• by Larryish (1215510)

        Was your single mother an effective person who raises her children and keeps some sort of job, or was it a fat welfare heifer hooked on fake fingernails and the Jerry Springer show?

  • A friend of mine in med school wanted to help out with the building/early staffing of a hospital in Ethiopia, but she wasn't selected for the program (so she went to Cambodia instead to do other humanitarian work). I know nothing whatsoever about the details, but I have to imagine any hospital built today, anywhere in the world, would have some sort of technical infrastructure. A network with WiFi or perhaps even some sort of program that manages and sorts patient data... all these sound within the skill se
    • I've seen many "Hospitals" (more like tiny clinics) which don't have any tech infrastructure. Many places in developing countries want to address huge issues like famine and curable diseases quickly, and are not particularly concerned about patient records when distributing food, vaccines, or doing disease tests.

      • by vlm (69642)

        distributing food, vaccines, or doing disease tests

        You'd be surprised how handy it is to have infrastructure to handle the inevitable logistics problems. You don't want to "have to" start reusing needles, for example.

        It depends where you are... "city" means the dr already has a cell phone to handle logistics so they simply don't need you. Doing vaccinations deep in the wilderness its really convenient to order more "stuff" over a radio rather than having to hike "home" and back out again. Pretty much if there's a road, they don't need help, but if they d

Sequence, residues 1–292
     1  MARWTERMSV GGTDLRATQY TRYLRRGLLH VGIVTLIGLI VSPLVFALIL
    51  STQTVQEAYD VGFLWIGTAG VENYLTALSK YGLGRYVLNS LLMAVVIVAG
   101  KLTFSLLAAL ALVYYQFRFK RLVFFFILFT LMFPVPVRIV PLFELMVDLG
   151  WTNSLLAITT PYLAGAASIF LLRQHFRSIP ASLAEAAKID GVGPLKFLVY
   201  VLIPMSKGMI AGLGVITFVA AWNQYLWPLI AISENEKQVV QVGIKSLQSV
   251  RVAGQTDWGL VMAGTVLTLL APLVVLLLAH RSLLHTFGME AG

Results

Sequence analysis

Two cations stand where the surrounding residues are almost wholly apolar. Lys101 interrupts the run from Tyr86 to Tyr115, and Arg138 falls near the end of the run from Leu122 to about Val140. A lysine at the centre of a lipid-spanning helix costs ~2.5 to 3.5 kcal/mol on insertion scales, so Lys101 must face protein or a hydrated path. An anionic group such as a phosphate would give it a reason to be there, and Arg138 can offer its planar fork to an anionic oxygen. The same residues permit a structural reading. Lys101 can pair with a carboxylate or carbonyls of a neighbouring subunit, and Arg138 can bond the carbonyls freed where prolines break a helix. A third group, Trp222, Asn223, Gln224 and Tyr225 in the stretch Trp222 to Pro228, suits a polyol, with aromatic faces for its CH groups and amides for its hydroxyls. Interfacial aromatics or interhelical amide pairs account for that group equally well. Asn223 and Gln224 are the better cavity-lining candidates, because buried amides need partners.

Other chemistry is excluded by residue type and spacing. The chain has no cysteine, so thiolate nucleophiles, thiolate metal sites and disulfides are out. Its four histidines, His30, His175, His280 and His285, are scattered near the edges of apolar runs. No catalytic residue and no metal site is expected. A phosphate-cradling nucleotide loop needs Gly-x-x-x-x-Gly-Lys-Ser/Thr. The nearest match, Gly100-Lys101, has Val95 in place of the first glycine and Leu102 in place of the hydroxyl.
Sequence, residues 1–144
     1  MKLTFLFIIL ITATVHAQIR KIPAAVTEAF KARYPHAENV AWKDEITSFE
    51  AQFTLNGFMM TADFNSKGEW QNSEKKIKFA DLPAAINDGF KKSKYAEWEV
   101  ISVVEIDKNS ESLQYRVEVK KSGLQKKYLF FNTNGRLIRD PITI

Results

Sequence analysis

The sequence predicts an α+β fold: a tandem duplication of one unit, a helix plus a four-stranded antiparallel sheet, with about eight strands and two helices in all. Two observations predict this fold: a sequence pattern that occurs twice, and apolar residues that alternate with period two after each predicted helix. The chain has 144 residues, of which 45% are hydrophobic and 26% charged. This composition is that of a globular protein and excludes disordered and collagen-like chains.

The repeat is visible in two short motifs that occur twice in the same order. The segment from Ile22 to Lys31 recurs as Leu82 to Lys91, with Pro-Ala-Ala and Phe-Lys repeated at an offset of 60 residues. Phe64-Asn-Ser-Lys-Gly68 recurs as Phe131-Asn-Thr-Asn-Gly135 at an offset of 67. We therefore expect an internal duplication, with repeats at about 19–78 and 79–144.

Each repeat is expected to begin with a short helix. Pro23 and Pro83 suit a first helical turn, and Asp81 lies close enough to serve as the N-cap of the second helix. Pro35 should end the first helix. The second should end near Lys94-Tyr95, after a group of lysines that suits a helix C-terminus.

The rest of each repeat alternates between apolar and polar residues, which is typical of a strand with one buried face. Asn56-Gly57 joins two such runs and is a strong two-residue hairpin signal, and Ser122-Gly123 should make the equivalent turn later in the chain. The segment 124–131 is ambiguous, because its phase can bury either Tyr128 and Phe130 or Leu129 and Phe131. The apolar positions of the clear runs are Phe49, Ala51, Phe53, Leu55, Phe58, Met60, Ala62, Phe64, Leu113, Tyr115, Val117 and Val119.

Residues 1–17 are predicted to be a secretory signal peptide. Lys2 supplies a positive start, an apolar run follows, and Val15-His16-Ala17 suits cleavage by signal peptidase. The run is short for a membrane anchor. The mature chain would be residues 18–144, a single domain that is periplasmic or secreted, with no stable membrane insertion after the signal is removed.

• by Anonymous Coward on Monday July 25, 2011 @12:36PM (#36872174)

    I spent three years in Africa (South Africa and Zambia) doing geek work. Here's the deal, you can't do something "important" in one or two months, so don't plan on being the knight in shining armor coming in to help. However, if you go in with an attitude of humility and a desire to learn, you can be helpful.

    My suggestion, based on my experience: Most of the NGOs I worked with had crappy old donated computers running some pirated version of XP, full of viruses. You could be a great help by finding a local (i.e. Africa run, not international aid agency) NGO and helping to clean up their computers, install anti-virus, get their printers working etc etc. Good computer support is in short supply, so folks do what they can but it's not easy. If you are thinking about this, also bring along a box of CDs or DVDs with latest versions of software, because getting on the internet is either impossible or slow or really expensive, so doing on-line updates is a pain.

    I tried teaching people to use Ubuntu with limited success, everyone wanted Windows with Word, because that was what everyone else was using, and that was what was "known". It's a good solution, but without support falls down like everything else.